Join us in support of Elizabeth C. Barnes, VOTE for her on JUNE 13th and ask your friends to do the same. Any contributions you can make to insure our Candidates election will be greatly appreciated. Please send contributions to Phyllis M. Chait, Treasurer, 4546 North Charles Street, Baltimore, Maryland, 21210.”

The letter was proffered by appellant and received in evidence.

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Appellee was not elected a delegate to the Convention.

On these facts it is our independent constitutional judgment that appellee was not a public official but was a public figure. She held no elective office; she was not a government employee; she had no position in government; thus she was not a public official. However we find that she was a public figure whether it be considered that she became such by her position as candidate for election as delegate to the Constitutional Convention; or by the purposeful activity on her part amounting to a thrusting of her personality into the vortex of an important public controversy; or by seeking to lead in the determination of policy in an important public matter; or because simply by her candidacy and campaigning she became a public person in whose conduct society and the press had a legitimate and substantial interest. Having so attained such status, she would not lose it in the short lapse of time between the election and the publication of the defamatory article. The statements published were obviously related to her as a public figure and were matters of public interest. Within the frame of reference of the false statements she was a public figure.

Because appellee was a public figure, appellant stood protected by the shield of privilege provided by the first amendment. This shield could only be removed by appellee showing with convincing clarity that appellant published the false statement with actual malice. But the shield was not so removed; it was stripped from appellant by the lower court without regard to the constitutional guarantees by the grant of appellee’s motion for a directed verdict in her favor on the issue of liability. There was squarely before the lower court by the pleadings,[13] by argument of counsel during trial and by the granted motion itself,[14] that appellant was relying on the

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constitutional guarantees of free speech and press. Appellant’s counsel made clear to the court that the defense was the immunity afforded appellant under New York Times and its progeny. It was the duty of the court in the circumstances to determine in the first instance whether the proof showed appellee to be a public official or a public figure. Rosenblatt at 88.[15] It did not do so. Rather it found that because the statements were libelou per se appellant was without the ambit of constitutional concern and, implicitly, that it was not material whether or not appellee was a public official or a public figure or whether or not the false statements were made with actual malice. It said, in denying the motion:

“We don’t consider that the Federal Cases that we have read, that there is a constitutional question here involved, because the per se, the per se involves the accusation of criminal acts. It’s a statement of fact, which it turns out, was not true. And I think it goes beyond the rulings of the Supreme Court in these cases.”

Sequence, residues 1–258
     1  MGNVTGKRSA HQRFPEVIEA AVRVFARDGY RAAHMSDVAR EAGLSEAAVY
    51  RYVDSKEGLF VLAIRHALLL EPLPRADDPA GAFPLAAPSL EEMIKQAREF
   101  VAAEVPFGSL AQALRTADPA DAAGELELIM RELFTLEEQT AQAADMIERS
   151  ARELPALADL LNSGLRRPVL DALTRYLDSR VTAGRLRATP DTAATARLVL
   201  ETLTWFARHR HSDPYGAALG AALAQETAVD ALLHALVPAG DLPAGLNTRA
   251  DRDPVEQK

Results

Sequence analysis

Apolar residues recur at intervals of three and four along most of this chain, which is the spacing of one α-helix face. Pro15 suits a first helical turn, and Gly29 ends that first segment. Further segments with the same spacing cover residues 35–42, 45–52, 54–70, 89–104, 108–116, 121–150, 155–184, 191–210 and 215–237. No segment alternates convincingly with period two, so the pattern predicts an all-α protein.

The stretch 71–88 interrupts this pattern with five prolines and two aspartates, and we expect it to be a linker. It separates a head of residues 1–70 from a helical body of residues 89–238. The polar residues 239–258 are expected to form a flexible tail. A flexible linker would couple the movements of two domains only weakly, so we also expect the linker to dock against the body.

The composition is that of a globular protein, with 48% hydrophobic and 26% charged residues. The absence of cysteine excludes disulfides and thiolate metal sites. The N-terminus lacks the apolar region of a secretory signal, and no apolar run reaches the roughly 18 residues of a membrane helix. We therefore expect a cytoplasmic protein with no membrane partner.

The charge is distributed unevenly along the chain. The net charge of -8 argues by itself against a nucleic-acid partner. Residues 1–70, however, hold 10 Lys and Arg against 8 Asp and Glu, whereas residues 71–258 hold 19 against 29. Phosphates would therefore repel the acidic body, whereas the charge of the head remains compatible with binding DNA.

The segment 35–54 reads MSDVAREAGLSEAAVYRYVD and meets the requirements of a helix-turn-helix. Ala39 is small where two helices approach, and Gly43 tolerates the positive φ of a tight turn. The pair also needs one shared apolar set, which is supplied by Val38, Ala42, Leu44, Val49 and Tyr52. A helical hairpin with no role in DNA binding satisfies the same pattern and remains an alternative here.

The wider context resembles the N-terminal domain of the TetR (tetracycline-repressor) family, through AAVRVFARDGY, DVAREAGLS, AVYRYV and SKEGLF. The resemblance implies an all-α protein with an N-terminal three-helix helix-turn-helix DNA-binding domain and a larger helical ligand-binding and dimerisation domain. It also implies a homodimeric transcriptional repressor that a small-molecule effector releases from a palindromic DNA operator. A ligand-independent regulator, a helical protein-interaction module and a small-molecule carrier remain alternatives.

This was patently incorrect. “The power to create presumptions is not a means of escape from constitutional restrictions.” Bailey v. Alabama, 219 U.S. 219, 239, as quoted in New York Times, at 284, which continues, quoting with approval Lawrence v. Fox, 357 Mich. 134, 146, N.W.2d 719, 725 (1959), “[t]he showing of malice required for the forfeiture of the privilege is not presumed but is a matter of proof by the plaintiff * * *.” We hold that the grant of appellee’s motion was error requiring reversal.[16]

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We also find error requiring reversal in the denial of appellant’s motion for a directed verdict made at the close of all the evidence. Appellee presented her case on the theory that the false statements were actionable per se.[17] But it was appellee’s burden, once the evidence adduced by her established that she was a public figure, to prove with “convincing clarity” that the statements were made with actual malice. We cannot say, exercising our independent constitutional judgment on the facts, that the evidence she offered, concerned primarily as it was to proof of publication, the content of the publication, and that the statements in it were false, was sufficient to permit the conclusion that appellant knew the statements were false or in fact that it entertained serious doubts as to the truth of the publication. The author of the article published, a reporter employed by appellant, testified. He described the procedure he followed by which he ascertained to his satisfaction that appellee had not filed the report required. Two days after the election, he had gone with a colleague to the office of the Clerk of the Circuit Court of Baltimore City where the candidates’ financial reports were to be filed. Together they examined the file drawers which contained papers filed by 344 candidates and committees. Since they had been told that a candidate’s financial report would be interleaved with the paper designating the candidate’s treasurer, the reporters removed from the file box only those bundles which contained no financial statement, and made a list of the names of the candidates. The reporters removed the file marked “Phyllis M. Chait Treasurer for Citizens Committee for Election of Elizabeth C. Barnes” inadvertently assuming it to be the file for Mrs. Barnes’ Treasurer. Finding no financial report, they placed Mrs. Barnes’ name on the list of candidates who had failed to file financial reports. In fact, interleaved with the designation of Mrs. Barnes’ own treasurer (who was also Mrs. Chait)